This year’s Nobel Prize in physics was awarded to three scientists last week. According to CNN, two of the scientists are from Japan, and the third at the University of California Santa Barbara. They helped create the LED light, which is now responsible for illuminating everything from technology like cell phones and televisions to flashlights.
The committee who awarded the prize to the three scientists said that their work was worthy of the award and keeps in the spirit of Alfred Nobel because LED lights are environmentally friendly, are long lasting, and save energy.
According the Nobel Prize official website, the three scientists, Isamu Akasaki, Hiroshi Amano, and Shuji Nakamura, were awarded the prize “for the invention of efficient blue light-emitting diodes which has enabled bright and energy-saving white light sources.”
According to CNN, the committee also said that LED lights “hold great promise for increasing the quality of life for over 1.5 billion people around the world who lack access to electricity grids.”
Red and green LEDs had been around for a number of years, but it was the work of these three scientists that created the blue LED, which other scientists had tried but failed to do for 30 years. The blue LED, which the scientists created in the early 1990s, is the only one that can create white light.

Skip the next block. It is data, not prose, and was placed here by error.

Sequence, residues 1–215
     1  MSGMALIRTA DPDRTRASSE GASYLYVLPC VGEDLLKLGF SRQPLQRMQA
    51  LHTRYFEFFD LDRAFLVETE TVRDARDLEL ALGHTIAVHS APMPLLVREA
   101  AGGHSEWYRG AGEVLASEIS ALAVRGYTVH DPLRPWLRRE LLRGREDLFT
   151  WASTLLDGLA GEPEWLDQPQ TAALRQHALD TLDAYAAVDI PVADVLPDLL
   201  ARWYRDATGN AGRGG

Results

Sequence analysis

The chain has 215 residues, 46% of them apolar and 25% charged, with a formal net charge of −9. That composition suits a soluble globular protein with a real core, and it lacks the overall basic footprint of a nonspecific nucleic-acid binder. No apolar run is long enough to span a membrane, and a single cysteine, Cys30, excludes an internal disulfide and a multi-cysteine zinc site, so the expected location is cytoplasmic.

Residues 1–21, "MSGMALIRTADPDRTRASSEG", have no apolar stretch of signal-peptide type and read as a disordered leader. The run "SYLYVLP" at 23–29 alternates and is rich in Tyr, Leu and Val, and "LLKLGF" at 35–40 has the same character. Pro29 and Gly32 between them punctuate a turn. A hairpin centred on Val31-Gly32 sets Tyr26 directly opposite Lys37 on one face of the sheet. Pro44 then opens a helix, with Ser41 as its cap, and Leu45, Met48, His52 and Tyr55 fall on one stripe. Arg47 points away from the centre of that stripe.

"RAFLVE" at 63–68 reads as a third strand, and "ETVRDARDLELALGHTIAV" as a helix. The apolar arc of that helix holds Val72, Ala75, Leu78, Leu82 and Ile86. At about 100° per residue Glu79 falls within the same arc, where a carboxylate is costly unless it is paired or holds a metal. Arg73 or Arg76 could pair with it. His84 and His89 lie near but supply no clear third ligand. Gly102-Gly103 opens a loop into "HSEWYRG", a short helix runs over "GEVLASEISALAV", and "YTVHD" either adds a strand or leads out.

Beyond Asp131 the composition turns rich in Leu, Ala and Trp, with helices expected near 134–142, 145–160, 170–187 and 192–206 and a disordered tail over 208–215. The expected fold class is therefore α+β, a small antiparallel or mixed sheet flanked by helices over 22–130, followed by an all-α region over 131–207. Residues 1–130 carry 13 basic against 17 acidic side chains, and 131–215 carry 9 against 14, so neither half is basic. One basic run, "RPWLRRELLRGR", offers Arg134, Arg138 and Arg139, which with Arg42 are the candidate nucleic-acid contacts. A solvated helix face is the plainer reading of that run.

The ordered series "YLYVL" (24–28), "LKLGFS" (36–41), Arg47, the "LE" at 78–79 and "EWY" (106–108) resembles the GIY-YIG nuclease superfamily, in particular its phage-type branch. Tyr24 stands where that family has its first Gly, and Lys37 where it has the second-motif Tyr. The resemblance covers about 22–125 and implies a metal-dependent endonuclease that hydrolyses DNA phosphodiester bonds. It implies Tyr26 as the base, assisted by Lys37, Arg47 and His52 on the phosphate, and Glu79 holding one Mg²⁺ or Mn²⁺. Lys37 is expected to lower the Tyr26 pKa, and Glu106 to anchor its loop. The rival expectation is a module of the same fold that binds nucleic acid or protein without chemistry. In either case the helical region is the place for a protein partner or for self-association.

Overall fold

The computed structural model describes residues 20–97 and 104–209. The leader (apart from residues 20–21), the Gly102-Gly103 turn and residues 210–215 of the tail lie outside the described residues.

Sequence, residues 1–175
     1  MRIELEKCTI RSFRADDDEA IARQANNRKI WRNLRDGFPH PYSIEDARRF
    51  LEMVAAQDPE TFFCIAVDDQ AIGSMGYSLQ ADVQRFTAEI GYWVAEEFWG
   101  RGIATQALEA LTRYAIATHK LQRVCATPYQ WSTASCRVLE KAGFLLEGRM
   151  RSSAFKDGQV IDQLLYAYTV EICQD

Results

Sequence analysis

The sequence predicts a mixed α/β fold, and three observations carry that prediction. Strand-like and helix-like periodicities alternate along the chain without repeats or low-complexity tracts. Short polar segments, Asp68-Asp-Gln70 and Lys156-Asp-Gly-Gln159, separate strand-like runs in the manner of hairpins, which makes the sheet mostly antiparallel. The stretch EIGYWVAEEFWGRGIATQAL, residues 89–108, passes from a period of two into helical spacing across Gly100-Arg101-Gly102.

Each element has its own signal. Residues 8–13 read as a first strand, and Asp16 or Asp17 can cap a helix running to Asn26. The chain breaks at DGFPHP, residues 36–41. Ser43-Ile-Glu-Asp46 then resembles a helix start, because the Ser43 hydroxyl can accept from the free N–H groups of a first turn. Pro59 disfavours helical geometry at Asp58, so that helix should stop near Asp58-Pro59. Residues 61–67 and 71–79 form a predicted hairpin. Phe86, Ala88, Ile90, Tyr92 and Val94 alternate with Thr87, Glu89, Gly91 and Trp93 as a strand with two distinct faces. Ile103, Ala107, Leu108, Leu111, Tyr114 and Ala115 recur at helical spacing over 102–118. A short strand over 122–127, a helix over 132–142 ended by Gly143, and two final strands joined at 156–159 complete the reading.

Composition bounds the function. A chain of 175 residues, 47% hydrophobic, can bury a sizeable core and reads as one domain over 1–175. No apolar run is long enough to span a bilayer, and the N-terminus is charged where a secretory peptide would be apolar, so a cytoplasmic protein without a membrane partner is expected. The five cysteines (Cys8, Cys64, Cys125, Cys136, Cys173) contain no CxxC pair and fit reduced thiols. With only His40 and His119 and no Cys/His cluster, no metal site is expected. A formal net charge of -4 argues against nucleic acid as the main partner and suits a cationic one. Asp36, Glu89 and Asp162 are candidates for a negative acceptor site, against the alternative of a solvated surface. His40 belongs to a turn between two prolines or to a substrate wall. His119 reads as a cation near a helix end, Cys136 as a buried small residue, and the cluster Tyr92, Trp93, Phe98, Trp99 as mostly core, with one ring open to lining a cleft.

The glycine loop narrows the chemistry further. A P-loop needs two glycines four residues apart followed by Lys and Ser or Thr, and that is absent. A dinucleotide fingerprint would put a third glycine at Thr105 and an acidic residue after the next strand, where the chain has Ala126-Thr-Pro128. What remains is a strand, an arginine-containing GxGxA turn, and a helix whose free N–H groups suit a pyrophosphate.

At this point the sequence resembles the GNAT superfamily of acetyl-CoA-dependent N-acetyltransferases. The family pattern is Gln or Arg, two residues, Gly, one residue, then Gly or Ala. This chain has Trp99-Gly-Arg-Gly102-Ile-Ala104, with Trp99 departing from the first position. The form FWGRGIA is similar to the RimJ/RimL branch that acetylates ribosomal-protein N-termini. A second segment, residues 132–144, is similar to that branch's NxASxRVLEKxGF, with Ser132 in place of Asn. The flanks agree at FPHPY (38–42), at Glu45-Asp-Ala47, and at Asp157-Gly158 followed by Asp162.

“LEDs have definitely brought down energy usage compared to neon lights. There’s about a 85-90% reduction in electricity and maintenance costs when using LEDs. Reliability is a factor as well; since LEDs are so efficient, uptime has increased due to improved LED technology,” says Bill Hayes, CEO of Signdealz.
LED stands for light emitting diode, which are often used in lights, signs, and even public transportation because of the variability in design that they offer. With the invention of the blue LED, white lights have been used in designing signs and billboards for advertising, which are becoming increasingly popular in the digital age.
Since they are such a versatile, useful, and long lasting from of lighting, LEDs aren’t going anywhere anytime soon. In fact, by 2019, LEDs are expected to reach a 53% penetration of the global lighting market.